A "blown periphery" parachute malfunction causes the canopy to contort into the shape of a giant brassiere, and so is referred to as the "Mae West" malfunction (wikipedia).
3. Newfoundland Islands
The Isaacs islands in Newfoundland were named "Mae West" by American sailors stationed at nearby Argentia Naval Base, and the name seems to have stuck. The caption for the above image (found in "US Navy PBY Catalina Units of the Atlantic War") reads, "Groundcrewmen load water-filled practice bombs onto a PBY-5A from VP-6(CG) at Argentia in 1944. The twin mounds in the background were called 'Mae West' after the sex goddess, who incidentally had her roots in Newfoundland."
4. Gas Generator
Chemists nicknamed the Kipp Gas Generator the "Mae West" (Life magazine).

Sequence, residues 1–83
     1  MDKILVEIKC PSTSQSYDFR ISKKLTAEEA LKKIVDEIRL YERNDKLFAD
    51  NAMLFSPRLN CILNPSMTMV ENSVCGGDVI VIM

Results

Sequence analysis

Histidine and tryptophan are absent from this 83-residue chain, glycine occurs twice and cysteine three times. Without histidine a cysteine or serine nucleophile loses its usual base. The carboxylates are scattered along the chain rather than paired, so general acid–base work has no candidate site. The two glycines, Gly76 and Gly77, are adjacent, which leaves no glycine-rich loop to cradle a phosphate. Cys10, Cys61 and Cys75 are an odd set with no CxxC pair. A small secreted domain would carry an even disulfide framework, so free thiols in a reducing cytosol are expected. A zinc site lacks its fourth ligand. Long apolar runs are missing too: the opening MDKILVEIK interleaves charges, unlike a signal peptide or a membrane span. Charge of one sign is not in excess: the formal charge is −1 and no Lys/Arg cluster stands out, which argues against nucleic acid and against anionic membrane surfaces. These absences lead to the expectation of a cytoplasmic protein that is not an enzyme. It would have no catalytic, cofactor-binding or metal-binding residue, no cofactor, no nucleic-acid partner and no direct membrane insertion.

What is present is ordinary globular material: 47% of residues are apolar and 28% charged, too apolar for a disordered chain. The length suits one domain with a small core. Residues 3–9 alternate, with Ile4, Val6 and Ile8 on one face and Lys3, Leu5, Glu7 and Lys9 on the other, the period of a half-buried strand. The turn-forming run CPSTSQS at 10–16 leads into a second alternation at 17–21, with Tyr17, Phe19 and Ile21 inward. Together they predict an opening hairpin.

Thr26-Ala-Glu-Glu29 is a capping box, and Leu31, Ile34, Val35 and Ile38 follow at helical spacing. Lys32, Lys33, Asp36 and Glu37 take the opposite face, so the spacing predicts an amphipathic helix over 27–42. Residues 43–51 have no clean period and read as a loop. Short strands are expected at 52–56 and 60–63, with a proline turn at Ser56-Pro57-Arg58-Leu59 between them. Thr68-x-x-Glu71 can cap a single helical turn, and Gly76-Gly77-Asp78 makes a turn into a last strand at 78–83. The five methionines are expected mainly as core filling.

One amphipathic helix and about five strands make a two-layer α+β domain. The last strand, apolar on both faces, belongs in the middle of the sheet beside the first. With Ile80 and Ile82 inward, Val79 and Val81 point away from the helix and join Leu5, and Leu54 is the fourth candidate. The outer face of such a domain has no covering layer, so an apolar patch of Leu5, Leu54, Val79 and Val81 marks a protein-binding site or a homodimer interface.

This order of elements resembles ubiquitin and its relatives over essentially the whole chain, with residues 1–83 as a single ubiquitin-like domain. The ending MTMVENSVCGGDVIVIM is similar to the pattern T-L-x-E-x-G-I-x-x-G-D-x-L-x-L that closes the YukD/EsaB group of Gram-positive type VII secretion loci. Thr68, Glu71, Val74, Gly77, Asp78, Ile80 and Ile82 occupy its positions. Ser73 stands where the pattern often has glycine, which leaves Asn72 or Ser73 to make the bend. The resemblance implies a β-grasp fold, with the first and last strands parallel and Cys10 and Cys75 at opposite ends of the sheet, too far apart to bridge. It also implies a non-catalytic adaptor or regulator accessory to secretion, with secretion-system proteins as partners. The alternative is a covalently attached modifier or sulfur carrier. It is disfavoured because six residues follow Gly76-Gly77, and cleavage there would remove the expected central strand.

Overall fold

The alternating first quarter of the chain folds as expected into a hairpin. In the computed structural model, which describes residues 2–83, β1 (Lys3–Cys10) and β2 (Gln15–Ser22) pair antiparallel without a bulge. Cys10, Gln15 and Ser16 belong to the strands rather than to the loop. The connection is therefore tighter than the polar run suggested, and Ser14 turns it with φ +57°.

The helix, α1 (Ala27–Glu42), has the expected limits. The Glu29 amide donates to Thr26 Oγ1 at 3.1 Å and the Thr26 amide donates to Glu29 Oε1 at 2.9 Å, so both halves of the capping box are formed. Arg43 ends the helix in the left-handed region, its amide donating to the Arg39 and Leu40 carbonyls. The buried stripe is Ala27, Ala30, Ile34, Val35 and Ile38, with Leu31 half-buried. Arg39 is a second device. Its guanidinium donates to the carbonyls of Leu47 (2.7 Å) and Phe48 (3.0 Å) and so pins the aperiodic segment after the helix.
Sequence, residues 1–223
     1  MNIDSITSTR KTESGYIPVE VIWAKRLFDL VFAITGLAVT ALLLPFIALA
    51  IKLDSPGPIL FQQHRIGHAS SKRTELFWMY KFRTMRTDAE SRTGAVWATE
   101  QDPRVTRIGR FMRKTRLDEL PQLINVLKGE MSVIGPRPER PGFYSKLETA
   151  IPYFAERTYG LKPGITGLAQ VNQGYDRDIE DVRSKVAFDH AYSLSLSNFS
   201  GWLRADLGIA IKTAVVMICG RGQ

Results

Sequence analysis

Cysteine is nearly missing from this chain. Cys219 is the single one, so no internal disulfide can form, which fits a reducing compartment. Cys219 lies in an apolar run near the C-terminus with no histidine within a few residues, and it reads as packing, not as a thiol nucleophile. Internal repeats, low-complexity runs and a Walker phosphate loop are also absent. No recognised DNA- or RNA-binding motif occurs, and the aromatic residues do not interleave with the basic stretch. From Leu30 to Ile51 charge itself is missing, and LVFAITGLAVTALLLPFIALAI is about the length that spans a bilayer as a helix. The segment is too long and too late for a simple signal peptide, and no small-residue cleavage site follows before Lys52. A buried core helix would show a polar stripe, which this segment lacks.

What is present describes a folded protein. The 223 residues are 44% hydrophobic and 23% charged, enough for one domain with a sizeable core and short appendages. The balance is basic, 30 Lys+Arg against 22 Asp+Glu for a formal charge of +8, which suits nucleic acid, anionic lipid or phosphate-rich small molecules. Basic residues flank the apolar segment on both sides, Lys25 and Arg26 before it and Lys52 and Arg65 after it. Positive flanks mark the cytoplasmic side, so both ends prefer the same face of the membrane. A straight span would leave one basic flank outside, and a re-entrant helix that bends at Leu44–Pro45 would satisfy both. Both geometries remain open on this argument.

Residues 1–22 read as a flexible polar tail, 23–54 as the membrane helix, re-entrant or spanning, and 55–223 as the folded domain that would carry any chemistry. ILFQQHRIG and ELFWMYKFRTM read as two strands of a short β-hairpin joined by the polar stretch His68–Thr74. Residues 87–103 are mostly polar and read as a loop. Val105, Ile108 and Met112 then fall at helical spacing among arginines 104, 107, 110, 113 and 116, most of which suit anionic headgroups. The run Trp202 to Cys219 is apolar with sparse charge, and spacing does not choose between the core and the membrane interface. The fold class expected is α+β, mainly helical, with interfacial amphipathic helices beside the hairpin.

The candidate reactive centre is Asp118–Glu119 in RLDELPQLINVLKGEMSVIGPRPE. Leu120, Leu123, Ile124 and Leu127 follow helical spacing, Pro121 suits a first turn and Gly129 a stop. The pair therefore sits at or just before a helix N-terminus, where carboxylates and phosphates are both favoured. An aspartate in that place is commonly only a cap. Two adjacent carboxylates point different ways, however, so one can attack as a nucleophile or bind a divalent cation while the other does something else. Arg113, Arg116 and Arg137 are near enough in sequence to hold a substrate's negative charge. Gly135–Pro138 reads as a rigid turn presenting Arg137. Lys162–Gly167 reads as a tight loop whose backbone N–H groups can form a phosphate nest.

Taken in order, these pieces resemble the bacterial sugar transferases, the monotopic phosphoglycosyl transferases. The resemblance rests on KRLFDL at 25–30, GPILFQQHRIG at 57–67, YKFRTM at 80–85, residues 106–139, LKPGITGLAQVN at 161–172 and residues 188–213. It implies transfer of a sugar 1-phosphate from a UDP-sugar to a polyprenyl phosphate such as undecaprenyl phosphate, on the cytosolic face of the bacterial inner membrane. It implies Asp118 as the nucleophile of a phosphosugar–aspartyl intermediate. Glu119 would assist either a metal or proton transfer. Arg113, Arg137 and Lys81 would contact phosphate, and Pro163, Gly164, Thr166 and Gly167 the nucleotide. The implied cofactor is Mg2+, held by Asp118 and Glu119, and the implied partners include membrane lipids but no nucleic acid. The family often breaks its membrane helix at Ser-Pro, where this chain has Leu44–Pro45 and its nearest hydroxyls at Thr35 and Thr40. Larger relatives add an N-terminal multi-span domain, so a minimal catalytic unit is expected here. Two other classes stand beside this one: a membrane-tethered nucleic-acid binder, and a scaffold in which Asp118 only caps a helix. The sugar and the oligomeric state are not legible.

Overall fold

5. Coca-Cola Bottle
After the Coca Cola Company introduced the "contour" bottle in 1915, it quickly became known as the "Mae West bottle" (Story of the Coca-Cola bottle).
In 1937, the couturier Elsa Schiaparelli launched her "Shocking" perfume, in a bottle whose shape was directly inspired by Mae West (FIDM Museum). So this doesn't count as something named after her, but is still something in her image.
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Alex is the creator and curator of the Museum of Hoaxes. He's also the author of various weird, non-fiction books such as Elephants on Acid.
Paul Di Filippo
Paul has been paid to put weird ideas into fictional form for over thirty years, in his career as a noted science fiction writer. He has recently begun blogging on many curious topics with three fellow writers at The Inferior 4+1.
Chuck is the purveyor of News of the Weird, the syndicated column which for decades has set the gold-standard for reporting on oddities and the bizarre.